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Tuesday, 10 September 1985
Page: 330

Senator GARETH EVANS —On 21 August I gave an answer to a question by Senator Sanders on the GEOSAT satellite tests issue. The questidon was in two basic parts. The first part remains unchanged but the second part certainly requires some correction which I am happy to put on the public record. Mr President, it is a long answer. I am perfectly happy to read it out, but if Senator Sanders and other honourable senators are content for me to incorporate it in Hansard and the Senate would prefer that, I am happy to do so. I am in the hands of the Senate.

The PRESIDENT —Is leave granted for the incorporation?

Senator Chipp —We would prefer it if the Minister could pay us the courtesy-

The PRESIDENT —Leave is not granted.

Senator GARETH EVANS —I am just conscious of the length of the answer; I am not trying to do anything else. Senator Sanders asked a number of questions of me on 21 August but they can be summarised into two: Firstly, whether the Government was aware that GEOSAT satellite tests would collect gravitational data to improve the accuracy of Trident II submarine launched ballistic missiles? Secondly, was the Government aware that the GEOSAT satellite is being funded by the Trident II project? As I indicated, my answer to the first question remains unchanged but my second answer requires correction. As to the first question I said:

. . . the Geosat validation flight series that has just concluded is not directly related to any missile tests . . . The Government certainly does not deny that there is a wide range of uses, civil and military, for Geosat data but . . . our co-operation is provided on the understanding that that data will provide benefit for Australia.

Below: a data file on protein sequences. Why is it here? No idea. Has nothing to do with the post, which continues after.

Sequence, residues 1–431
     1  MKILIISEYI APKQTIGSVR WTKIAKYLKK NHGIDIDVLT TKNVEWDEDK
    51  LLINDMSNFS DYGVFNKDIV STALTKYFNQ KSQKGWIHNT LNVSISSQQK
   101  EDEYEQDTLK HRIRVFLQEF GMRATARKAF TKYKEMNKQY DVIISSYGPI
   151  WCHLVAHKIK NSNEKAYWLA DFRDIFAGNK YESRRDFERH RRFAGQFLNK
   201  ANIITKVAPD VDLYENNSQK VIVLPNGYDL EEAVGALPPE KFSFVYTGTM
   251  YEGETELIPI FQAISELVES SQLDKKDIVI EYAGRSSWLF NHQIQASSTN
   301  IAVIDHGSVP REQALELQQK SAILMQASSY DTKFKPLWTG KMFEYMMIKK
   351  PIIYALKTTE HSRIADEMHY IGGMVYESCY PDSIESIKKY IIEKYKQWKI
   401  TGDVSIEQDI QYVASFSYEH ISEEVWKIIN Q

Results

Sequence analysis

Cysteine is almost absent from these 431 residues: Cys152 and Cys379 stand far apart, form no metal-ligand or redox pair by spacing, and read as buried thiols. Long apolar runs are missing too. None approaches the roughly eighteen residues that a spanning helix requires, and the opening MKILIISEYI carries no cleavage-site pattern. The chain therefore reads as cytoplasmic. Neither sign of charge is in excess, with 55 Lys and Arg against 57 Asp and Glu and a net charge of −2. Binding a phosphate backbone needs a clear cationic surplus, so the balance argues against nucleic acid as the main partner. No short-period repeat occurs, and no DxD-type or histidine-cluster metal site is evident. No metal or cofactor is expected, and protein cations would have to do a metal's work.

In my answer I indicated what some of those benefits would be. I reiterate that all data from the GEOSAT validation tests is available to the Australian Government. I should further add in this respect that after giving the answer my attention was drawn to the DMS Market Intelligence Report material on GEOSAT which appears to have been the basis for Senator Sanders's question and which has also been the basis for a good deal of media speculation. DMS market intelligence report on GEOSAT is, however, deficient in that it portrays the sole mission of data collection as relating to the improved accuracy of SLBMs. It ignores the many military and civilian purposes for which GEOSAT data is collected. It is also the case that the DMS report is not quite up to date on funding arrangements. I will come back to that in a moment.

The Pentagon has described GEOSAT derived geodesy data as having broad civil and military application and only indirect application to programs such as the Trident II program. As Dr Ball of the Australian National University recently said of the P-3 validation flights, the relationship with the United States nuclear programs is so marginal that there is no reason for public concern. My answer to the second question requires correction. I stated:

The GEOSAT program . . . is not connected to the Trident program funding.

That aspect of my answer was incorrect in that it referred to what will be practised from October this year but it did not address earlier arrangements. As I have mentioned, under the 1985-86 financial year Budget request, which was submitted to the United States Congress in January this year, for the next four financial years from 1 October 1985 the GEOSAT program will be funded under the Defence Meteorological Satellite program-DMSP. This arrangement will be in keeping with the broad multifaceted nature of GEOSAT's function. That, of course, is the explanation of why I misled the Senate in giving my previous answer. I was confusing the future with the past. As a matter of budgetary convenience the previous practice was that the United States Navy requested and received funds for the GEOSAT program as a Trident II Budget line item. I regret that my previous answer on funding arrangements related to the Budget request currently before Congress and did not address the preceding funding arrangements.

Senator Sanders —Mr President, I seek leave to make a brief statement.

Leave not granted.

Senator Chipp —Mr President, I raise a point of order. Senator Sanders asked to make a brief statement on the correction that Senator Evans just made. Would it not be courteous for the Government to allow Senator Sanders to make it now, which is a more appropriate time, rather than later?

The PRESIDENT —Order! I sought the leave of the Senate for Senator Sanders to make a statement. As I read the situation, leave was not granted on both sides of the House.

Senator Chipp —Which Minister said `no'?

The PRESIDENT —Order! Leave was sought but it has not been granted.